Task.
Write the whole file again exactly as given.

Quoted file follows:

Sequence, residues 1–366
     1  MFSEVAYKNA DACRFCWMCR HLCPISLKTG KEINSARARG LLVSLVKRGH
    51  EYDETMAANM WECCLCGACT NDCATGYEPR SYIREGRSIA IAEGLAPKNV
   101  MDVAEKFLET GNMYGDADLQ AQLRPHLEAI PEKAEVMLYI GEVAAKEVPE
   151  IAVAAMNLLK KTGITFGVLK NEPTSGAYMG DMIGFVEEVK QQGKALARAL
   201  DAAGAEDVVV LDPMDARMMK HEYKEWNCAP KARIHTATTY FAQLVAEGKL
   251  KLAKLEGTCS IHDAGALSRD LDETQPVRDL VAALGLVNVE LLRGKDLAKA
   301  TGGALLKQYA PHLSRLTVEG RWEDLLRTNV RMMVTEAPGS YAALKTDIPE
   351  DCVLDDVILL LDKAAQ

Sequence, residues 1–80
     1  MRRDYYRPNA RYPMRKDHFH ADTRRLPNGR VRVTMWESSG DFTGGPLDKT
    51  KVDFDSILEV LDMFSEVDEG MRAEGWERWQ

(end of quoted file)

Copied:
Sequence, residues 1–366
     1  MFSEVAYKNA DACRFCWMCR HLCPISLKTG KEINSARARG LLVSLVKRGH
    51  EYDETMAANM WECCLCGACT NDCATGYEPR SYIREGRSIA IAEGLAPKNV
   101  MDVAEKFLET GNMYGDADLQ AQLRPHLEAI PEKAEVMLYI GEVAAKEVPE
   151  IAVAAMNLLK KTGITFGVLK NEPTSGAYMG DMIGFVEEVK QQGKALARAL
   201  DAAGAEDVVV LDPMDARMMK HEYKEWNCAP KARIHTATTY FAQLVAEGKL
   251  KLAKLEGTCS IHDAGALSRD LDETQPVRDL VAALGLVNVE LLRGKDLAKA
   301  TGGALLKQYA PHLSRLTVEG RWEDLLRTNV RMMVTEAPGS YAALKTDIPE
   351  DCVLDDVILL LDKAAQ

Sequence, residues 1–80
     1  MRRDYYRPNA RYPMRKDHFH ADTRRLPNGR VRVTMWESSG DFTGGPLDKT
    51  KVDFDSILEV LDMFSEVDEG MRAEGWERWQ